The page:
The Thrill of the Chase

The Thrill of the Chase

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Published:
December 31, 2020

In a significant percentage of all movies ever made there is an unstated, but definitely understood, compact between filmmaker and viewer. It is that everything will turn out all right in the end. In the Action/Adventure genre, for example, you have the hero(ine) – from James Bond to Indiana Jones – facing wild and dangerous obstacles, which consumes the majority of the running time. Yet they come out unscathed in the end. In RomComs (Romantic Comedies) the eventually-happy couple typically “meet cute,” then have some misunderstandings, conflicts or external circumstances that threaten their relationship. But again, after stumbling through a convoluted and often farcical plot, they finally recognize their love for each other and are reunited at the final, fade-out kiss. Audiences have always expected such resolutions and likely would not lay down whatever admission fee (whether movie ticket price or even time expended) if this tacit contract was violated. Such movies are often called escapist because they can be counted on to provide a happy ending, thus escaping the often distressing problems that real-life brings. It’s the “thrill of the chase, with none of the risk.”

This well-known phrase captures an aspect of human psychology that is not confined to movies. In literature it goes back at least as far as Gothic Novels (wonderfully satirized by Jane Austin in Northanger Abbey). In video games we are the “hero” that is placed in dangerous situations, and we often get “killed” in such games. But it’s not real and we have yet another life. Or, if the game does end, we can start a new one whenever. There still are no real consequences to us.

But this psychological phenomenon also shows up in other, quite surprising places and contexts. Like, for instance, Sabbath School.

The Riskless Narrative

Now, I’m getting to be an old guy, and I’ve attended SDA churches my whole life, including countless Sabbath School classes. And Adventism, in case some readers are unaware, has had a long history of placing eschatology – “last days” events – at the center of our sub-cultural narrative. The primary reference that built the story is Ellen White’s 19th century book The Great Controversy. Additionally woven into that was Uriah Smith’s Daniel and Revelation. The intensity of Adventist focus on what supposedly will take place just prior to Christ’s Second Advent has diminished somewhat during the past 50 years or so, but it is still deeply embedded into the SDA psyche. Thus, when Sabbath School discussions move through material that references this story – whether a direct discussion of prophecy or even some allusion to current events – you might easily hear comments from participants like: “We know that … will happen,” or “We’ve been shown that … will come in the last days.” This alignment and commitment to the Great Controversy narrative is more parallel to the sort of movies I’ve described above than one might think. In both situations the ending is presumably known.  There is conflict initially, but also an expectation that it all finally works out great in the end for the “hero.” And in eschatology discussions the hero is, of course, us! Adventism – the Remnant Church. Thus it is satisfying to return again and again, in church discussions, to a reaffirmation of our specialness. We “know” there will be terrible trials for Adventists just before Jesus returns. This period has a name – The Time of Trouble. But we also know, having read the whole “book,” that we triumph in the end (where “triumph” means faithfulness to God). Thus, referencing these upcoming trials, with a known good final-outcome, again constitutes “the thrill of the chase with none of the risk.”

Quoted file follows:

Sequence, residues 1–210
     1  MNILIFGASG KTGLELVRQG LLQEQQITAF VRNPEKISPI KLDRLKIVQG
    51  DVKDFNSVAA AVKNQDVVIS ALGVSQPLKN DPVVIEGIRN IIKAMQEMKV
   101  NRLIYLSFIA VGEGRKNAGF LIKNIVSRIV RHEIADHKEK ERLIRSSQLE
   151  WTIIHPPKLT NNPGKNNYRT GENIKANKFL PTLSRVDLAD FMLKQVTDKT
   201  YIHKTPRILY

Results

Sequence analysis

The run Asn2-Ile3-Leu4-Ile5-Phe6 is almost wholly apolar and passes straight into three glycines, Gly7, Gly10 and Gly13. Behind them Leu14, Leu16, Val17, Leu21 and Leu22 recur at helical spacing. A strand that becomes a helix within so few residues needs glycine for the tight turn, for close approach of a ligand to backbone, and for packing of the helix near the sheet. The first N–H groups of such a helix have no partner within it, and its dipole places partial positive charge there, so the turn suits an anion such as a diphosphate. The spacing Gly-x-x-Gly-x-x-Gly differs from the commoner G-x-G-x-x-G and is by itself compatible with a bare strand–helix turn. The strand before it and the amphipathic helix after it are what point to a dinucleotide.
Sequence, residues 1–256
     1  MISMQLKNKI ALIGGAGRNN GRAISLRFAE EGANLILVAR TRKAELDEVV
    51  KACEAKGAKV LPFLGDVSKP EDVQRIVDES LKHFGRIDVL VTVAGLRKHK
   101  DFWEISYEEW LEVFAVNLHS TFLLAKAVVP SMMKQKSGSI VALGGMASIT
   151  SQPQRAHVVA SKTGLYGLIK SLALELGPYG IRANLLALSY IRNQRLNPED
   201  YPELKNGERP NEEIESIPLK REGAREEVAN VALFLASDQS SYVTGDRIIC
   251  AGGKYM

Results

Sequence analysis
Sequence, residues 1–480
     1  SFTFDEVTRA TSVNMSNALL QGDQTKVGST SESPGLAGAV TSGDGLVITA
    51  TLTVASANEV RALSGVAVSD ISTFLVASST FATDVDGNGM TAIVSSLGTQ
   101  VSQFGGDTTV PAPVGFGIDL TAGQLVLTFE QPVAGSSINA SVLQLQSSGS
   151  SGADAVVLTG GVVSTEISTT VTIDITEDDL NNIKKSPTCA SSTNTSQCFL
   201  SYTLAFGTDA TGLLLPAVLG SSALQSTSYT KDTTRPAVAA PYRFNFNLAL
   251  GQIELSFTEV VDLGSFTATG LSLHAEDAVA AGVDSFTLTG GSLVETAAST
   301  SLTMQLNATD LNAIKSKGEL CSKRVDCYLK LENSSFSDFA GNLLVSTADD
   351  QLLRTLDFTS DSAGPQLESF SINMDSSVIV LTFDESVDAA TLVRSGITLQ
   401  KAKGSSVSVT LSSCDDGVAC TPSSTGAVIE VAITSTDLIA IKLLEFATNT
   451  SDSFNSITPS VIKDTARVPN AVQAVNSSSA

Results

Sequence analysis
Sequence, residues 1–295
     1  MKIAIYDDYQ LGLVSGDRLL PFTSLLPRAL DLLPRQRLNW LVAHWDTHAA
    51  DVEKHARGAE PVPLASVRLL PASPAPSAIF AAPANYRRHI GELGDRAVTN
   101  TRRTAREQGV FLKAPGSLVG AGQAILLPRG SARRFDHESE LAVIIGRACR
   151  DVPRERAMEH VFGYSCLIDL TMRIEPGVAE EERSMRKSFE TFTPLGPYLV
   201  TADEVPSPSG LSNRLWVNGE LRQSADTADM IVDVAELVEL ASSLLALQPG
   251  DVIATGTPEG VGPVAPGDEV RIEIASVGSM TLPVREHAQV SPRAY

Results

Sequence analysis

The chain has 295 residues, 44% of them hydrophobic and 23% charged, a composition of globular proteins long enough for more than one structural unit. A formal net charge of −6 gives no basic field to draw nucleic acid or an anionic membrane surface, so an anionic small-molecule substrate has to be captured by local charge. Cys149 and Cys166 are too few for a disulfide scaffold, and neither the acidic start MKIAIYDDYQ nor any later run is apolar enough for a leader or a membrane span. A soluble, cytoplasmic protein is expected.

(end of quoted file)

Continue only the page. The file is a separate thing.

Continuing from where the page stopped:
This is comforting, of course, assuming the story is either never seriously questioned or can pass any pushback tests proposed by those not invested in its correctness. But here is where the difficulty lies. A naïve acceptance of any story has the risk that it cannot survive analysis. That may be because the story is false, but also possibly because we have never developed critical thinking skills so, when a seemingly solid counter-argument is presented, we become confused and our former confidence is eroded. And here the risk shifts to what is sometimes called a Slippery Slope. In essence, we might think that if this story is false then what else is false in our belief structure? Perhaps it’s all “cleverly devised fables.” And such an idea – even if fleeting and somewhat subliminal – can really freak people out, as confidence in their Christian narrative is what undergirds hope for future eternal life. Thus fractures in this world-view can be perceived to have devastating consequences. Now, you might think that if such a problem were to appear on a believer’s radar, there would be motivation toward deeper investigation. But far too often the result is to suppress the unsetting information and/or argument, as working problems through involves serious effort, and ambiguity in the interim is upsetting.

Inoculation

The word “inoculation” is defined as: “artificially inducing immunity against various infectious diseases.” But here I wish to consider it analogically. Inoculation in this context consists of providing a limited but effective counter-argument to the disturbance the believer experiences when something causes the certainty of a “happy ending” to be at risk. Consider now two examples of what I consider to be inoculation.